Originally Posted by deebee View Post
thanks for the reply guys,

thing is, I'm never going to curtail my cats freedom. I believe that its cruel to keep a cat indoors. I may investigate the cat fencing - but I dont want my garden to end up looking like a tennis court or prison camp!

I'll definitely investigate the electronic cat flap although I'm not sure how the neighbours will receive it even if I do buy it for them.
I'm sorry but I have to say that I think you are in the wrong here and making statements such as " I'm never going to curtail my cats freedom" is denying your responsibility of the situation, at the very least your cats safety! If this is the way you feel, then you should have never gotten a cat, especially one that you were told is dominant/aggressive. Do you have any idea how lucky you are that your neighbors have tried talking to you about his intrusion into their home, attacking their cats and eating their food?! If another cat came into my home and attacked my Maia, I would do whatever I had to and defend her and chase that cat off! But guess what, that would never happen because Maia is an indoor kitty and is extremely content, happy, healthy, and safe! She only goes outside with me, and she would never want it any other way.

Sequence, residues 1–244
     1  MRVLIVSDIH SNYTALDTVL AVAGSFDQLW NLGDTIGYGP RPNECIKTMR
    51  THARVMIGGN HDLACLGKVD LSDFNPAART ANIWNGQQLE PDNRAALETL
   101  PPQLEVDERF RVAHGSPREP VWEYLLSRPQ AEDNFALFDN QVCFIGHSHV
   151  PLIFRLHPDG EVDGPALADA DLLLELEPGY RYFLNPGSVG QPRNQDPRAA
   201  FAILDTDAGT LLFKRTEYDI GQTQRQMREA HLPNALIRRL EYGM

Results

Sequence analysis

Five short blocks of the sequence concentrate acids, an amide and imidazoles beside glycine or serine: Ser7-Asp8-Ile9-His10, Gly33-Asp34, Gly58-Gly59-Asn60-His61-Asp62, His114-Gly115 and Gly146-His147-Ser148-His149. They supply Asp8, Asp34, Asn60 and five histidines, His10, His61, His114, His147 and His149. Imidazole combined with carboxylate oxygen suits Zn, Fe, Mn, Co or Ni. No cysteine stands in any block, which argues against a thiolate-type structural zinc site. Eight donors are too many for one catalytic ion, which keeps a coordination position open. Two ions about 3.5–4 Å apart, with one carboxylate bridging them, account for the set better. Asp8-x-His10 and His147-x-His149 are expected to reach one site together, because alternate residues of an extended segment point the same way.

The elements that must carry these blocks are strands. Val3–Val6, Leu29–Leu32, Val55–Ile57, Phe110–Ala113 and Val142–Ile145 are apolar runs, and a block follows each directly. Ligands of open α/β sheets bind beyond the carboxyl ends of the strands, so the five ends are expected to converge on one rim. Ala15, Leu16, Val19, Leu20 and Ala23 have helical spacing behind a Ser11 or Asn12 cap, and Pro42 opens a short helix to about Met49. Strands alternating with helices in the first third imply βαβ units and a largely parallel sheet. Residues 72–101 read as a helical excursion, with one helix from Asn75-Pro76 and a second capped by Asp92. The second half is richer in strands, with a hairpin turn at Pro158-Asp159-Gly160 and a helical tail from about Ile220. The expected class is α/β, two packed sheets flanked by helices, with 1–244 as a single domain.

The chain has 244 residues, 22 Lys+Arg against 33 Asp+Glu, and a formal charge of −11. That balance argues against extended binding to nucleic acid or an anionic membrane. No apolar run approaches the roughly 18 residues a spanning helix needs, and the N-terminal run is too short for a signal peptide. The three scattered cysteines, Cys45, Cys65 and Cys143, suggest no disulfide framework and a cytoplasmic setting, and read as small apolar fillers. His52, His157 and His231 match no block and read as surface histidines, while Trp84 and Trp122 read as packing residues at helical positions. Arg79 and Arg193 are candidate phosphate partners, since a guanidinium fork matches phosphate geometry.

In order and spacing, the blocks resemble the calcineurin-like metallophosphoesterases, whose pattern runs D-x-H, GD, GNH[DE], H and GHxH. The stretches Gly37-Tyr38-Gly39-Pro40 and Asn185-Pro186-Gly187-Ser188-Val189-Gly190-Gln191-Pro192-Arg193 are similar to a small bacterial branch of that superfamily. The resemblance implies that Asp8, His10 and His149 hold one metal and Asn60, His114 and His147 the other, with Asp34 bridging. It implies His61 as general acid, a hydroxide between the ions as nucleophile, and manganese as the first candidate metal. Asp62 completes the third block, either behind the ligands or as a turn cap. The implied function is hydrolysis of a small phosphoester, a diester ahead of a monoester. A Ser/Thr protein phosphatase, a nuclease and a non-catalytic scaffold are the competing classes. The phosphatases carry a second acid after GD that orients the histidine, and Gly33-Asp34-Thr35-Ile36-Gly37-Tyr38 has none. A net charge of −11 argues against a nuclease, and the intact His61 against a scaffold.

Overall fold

If a wild animal came into your home and attacked your cat and ate his food, what would you do?
post #8 of 19
Quote:
Originally Posted by deebee View Post
thanks for the reply guys,
thing is, I'm never going to curtail my cats freedom. I believe that its cruel to keep a cat indoors.
Getting run over by a car is a cruel way to die.

Being attacked by a larger animal is a cruel and violent way to die.

Being hurt by some weirdo that thinks it's ok to torture animals is horrific (and it does happen).

Disappearing without a trace is an awful tragedy with no end and no closure.